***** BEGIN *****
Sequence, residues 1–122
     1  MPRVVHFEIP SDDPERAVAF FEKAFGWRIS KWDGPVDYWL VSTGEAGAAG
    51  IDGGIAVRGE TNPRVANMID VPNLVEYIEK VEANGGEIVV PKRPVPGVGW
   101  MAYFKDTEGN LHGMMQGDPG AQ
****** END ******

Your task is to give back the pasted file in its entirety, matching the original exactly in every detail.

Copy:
Sequence, residues 1–122
     1  MPRVVHFEIP SDDPERAVAF FEKAFGWRIS KWDGPVDYWL VSTGEAGAAG
    51  IDGGIAVRGE TNPRVANMID VPNLVEYIEK VEANGGEIVV PKRPVPGVGW
   101  MAYFKDTEGN LHGMMQGDPG AQ